October 19, 2014
And since 2000, the White House briefing room has borne his name.Jim Brady, Reagan’s Gentle ‘Bear’ Who Roared Back to Life After Being Shot
August 4, 2014
The year was 2006 and Allen, like her fellow UK countrymen Arctic Monkeys, was borne in the freaky fires of MySpace.‘Sheezus’ Talks: Lily Allen on Her New Album, Lena Dunham, and ‘Game of Thrones’
May 9, 2014
Pericles has borne all his misfortunes with the dignity of an immortal.Philothea
Lydia Maria Child
You've had contrary winds so far, but you've borne up against them.Brave and Bold
This quickness upon me, interrupted my mother, is not to be borne!
Can you think such usage, and to such a young lady, is to be borne?
The distant sound of a church-clock is borne faintly on the wind.The Haunted Mind (From "Twice Told Tales")
- to support or hold up; sustain
- to bring or conveyto bear gifts
- to take, accept, or assume the responsibility ofto bear an expense
- (past participle born in passive use except when foll by by) to give birth toto bear children
- (also intr) to produce by or as if by natural growthto bear fruit
- to tolerate or endureshe couldn't bear him
- to admit of; sustainhis story does not bear scrutiny
- to hold in the conscious mind or in one's feelingsto bear a grudge; I'll bear that idea in mind
- to show or be marked withhe still bears the scars
- to transmit or spreadto bear gossip
- to render or supply (esp in the phrase bear witness)
- to conduct or manage (oneself, the body, etc)she bore her head high
- to have, be, or stand in (relation or comparison)his account bears no relation to the facts
- (intr) to move, be located, or lie in a specified directionthe way bears east
- to have by right; be entitled to (esp in the phrase bear title)
- bear a hand to give assistance
- bring to bear to bring into operation or effecthe brought his knowledge to bear on the situation
- any plantigrade mammal of the family Ursidae : order Carnivora (carnivores). Bears are typically massive omnivorous animals with a large head, a long shaggy coat, and strong clawsSee also black bear, brown bear, polar bear Related adjective: ursine
- any of various bearlike animals, such as the koala and the ant bear
- a clumsy, churlish, or ill-mannered person
- a teddy bear
- stock exchange
- a speculator who sells in anticipation of falling prices to make a profit on repurchase
- (as modifier)a bear market Compare bull 1 (def. 5)
- (tr) to lower or attempt to lower the price or prices of (a stock market or a security) by speculative selling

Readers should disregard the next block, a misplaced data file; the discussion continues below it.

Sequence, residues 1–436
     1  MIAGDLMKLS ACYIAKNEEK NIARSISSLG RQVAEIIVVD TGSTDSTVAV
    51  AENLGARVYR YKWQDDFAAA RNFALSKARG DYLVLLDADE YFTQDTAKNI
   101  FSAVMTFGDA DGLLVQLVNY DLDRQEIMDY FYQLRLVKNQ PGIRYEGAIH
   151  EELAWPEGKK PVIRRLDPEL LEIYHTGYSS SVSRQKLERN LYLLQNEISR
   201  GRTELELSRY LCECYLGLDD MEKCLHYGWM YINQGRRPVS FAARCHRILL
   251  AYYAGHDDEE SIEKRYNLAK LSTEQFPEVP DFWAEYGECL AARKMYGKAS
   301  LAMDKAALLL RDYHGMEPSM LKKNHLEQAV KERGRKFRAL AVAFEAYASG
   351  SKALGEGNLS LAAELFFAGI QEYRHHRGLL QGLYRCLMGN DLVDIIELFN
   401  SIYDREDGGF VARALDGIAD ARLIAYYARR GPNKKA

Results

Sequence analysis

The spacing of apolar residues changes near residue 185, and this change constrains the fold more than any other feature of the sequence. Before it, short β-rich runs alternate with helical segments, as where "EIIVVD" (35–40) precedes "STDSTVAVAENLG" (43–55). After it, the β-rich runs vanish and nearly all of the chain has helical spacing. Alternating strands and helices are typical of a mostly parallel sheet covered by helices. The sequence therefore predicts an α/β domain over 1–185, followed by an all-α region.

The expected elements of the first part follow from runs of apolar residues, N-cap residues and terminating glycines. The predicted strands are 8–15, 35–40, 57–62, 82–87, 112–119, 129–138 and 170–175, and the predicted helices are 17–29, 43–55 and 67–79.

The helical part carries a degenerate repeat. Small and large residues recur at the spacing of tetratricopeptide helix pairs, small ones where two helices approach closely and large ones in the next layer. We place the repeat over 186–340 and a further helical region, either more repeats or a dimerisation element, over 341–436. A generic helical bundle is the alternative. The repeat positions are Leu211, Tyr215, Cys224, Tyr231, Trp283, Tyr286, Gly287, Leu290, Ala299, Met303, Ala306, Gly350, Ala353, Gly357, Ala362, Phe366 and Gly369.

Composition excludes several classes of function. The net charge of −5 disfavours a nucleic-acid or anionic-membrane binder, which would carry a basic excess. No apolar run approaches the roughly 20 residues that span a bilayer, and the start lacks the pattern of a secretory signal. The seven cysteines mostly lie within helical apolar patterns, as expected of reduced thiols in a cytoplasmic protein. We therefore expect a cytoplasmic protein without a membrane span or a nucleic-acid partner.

Word Origin and History for borne
past participle of bear (v.).
Old English beran "to bear, bring; bring forth, produce; to endure, sustain; to wear" (class IV strong verb; past tense bær, past participle boren), from Proto-Germanic *beranan (cf. Old Saxon beran, Old Frisian bera, Old High German beran, German gebären, Old Norse bera, Gothic bairan "to carry, bear, give birth to"), from PIE root *bher- (1) meaning both "give birth" (though only English and German strongly retain this sense, and Russian has beremennaya "pregnant") and "carry a burden, bring" (see infer).
Ball bearings "bear" the friction. Many senses are from notion of "move onward by pressure." Old English past tense bær became Middle English bare; alternative bore began to appear c.1400, but bare remained the literary form till after 1600. Past participle distinction of borne for "carried" and born for "given birth" is from late 18c. To bear (something) in mind is from 1530s.
Old English bera "bear," from Proto-Germanic *beron, literally "the brown (one)" (cf. Old Norse björn, Middle Dutch bere, Dutch beer, Old High German bero, German Bär), from PIE *bher- (3) "bright, brown" (see brown (adj.)).
Greek arktos and Latin ursus retain the PIE root word for "bear" (*rtko; see Arctic), but it is believed to have been ritually replaced in the northern branches because of hunters' taboo on names of wild animals (cf. the Irish equivalent "the good calf," Welsh "honey-pig," Lithuanian "the licker," Russian medved "honey-eater"). Others connect the Germanic word with Latin ferus "wild," as if it meant "the wild animal (par excellence) of the northern woods."
Symbolic of Russia since 1794. Used of uncouth persons since 1570s. Stock market meaning "speculator for a fall" is 1709 shortening of bearskin jobber (from the proverb sell the bearskin before one has caught the bear); i.e. "one who sells stock for future delivery, expecting that meanwhile prices will fall." Paired with bull from c.1720. Bear claw as a type of large pastry is from 1942, originally chiefly western U.S.